Tidal energy venture gets assurance of support
Published 09 Jul 2014Caithness Courier
The UK government has given an assurance it will back the pioneering MeyGen tidal energy project in the Pentland Firth.
The Secretary of State for Scotland, Alistair Carmichael, pledged his support to the scheme this week after far north MP John Thurso raised fears there may have been procedural "hiccups" over a deadline for funding of the project.
Speaking in the Commons last week, he stressed the importance of the 400 megawatt development to the area and wanted to know what the UK government is doing to ensure it happens.
"One of the most important industries for both inward investment and to enable export of technology in the future is the marine renewable energy sector. In this regard the MeyGen deployment in the Pentland Firth is vital. What discussions has the Secretary of State had with the Energy Minister and the Crown Estate, to ensure this deployment goes ahead as planned?," he asked.
Mr Carmichael said he is keen to ensure "no procedural difficulties" will prevent the MeyGen scheme from going ahead. He has had discussions on the issue with the Department of Energy and Climate Change and the Crown Estate and is sure "a positive outcome" will be achieved soon.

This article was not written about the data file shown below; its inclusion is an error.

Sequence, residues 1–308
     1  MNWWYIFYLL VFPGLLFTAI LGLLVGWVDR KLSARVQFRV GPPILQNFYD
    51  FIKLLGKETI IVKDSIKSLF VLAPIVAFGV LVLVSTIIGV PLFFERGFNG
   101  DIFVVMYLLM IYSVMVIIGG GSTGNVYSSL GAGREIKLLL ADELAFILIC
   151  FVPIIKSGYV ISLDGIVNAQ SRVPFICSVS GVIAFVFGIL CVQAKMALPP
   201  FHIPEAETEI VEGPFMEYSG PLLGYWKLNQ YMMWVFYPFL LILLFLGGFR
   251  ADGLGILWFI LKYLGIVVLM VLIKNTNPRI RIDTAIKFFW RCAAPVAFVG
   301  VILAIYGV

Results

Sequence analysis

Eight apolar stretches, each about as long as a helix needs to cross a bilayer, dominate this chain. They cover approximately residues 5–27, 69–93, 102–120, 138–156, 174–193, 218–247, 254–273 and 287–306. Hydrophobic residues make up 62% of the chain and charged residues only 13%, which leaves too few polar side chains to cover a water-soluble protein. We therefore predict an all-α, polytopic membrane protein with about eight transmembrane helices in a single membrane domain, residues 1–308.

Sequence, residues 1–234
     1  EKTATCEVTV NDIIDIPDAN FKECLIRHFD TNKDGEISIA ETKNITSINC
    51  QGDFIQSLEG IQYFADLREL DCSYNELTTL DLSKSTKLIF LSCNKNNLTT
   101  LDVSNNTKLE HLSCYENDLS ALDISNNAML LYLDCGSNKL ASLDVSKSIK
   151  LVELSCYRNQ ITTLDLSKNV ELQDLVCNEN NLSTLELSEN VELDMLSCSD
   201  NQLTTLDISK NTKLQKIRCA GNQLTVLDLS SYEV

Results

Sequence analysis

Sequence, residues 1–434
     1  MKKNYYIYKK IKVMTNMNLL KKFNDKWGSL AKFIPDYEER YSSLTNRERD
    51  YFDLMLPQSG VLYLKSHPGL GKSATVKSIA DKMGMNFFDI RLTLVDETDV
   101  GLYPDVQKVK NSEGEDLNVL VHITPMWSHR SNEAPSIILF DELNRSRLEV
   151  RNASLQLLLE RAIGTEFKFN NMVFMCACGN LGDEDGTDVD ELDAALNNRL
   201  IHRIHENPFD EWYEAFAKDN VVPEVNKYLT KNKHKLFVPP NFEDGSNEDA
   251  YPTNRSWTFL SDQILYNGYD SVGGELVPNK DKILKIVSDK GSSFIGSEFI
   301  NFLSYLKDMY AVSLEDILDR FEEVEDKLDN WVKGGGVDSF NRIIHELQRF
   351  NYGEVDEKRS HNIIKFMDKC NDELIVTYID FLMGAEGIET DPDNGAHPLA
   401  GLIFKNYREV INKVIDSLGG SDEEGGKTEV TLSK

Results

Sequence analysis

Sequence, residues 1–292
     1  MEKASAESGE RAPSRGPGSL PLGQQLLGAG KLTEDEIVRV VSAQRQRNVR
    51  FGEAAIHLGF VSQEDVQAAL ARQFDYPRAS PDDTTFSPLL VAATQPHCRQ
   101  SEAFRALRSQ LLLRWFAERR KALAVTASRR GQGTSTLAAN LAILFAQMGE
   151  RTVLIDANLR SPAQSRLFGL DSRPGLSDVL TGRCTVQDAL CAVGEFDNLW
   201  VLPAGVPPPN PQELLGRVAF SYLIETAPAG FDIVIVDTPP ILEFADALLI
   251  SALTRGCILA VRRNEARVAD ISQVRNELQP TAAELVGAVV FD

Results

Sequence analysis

After the debate during Scottish Questions, John Thurso said: "Licensing of the Pentland Firth by the Crown Estate was a vital step in helping to support the renewable energy sector and create jobs in Caithness. The award of the licence to MeyGen and the forthcoming deployment by MeyGen are landmark steps in fulfilling that promise.
"My understanding is that there may have been hiccups and I have therefore been in touch with both the Secretary of State for Energy and for Scotland to make sure that those barriers are removed and I am delighted to know that a good outcome is anticipated."
Dan Pearson, the chief executive of MeyGen, told the Caithness Courier the company is "working really hard" with funders to "get the project over the line."
"We are making positive progress and should sign the deal off at some point over the summer. The project is looking good and is on schedule," he said.
A spokesman for the Crown Estate said: "We are still considering investment in wave and tidal first arrays and talking to a number of organisations about this possibility.
"These are confidential commercial discussions which we cannot comment on publicly. However we will continue to liaise broadly with government and industry to facilitate growth in key renewable energy sectors like offshore wind, wave and tidal stream."
MeyGen plans to install 400 turbines in the seabed between Stroma and the mainland with the first array of four demonstration turbines due to be in place by next summer.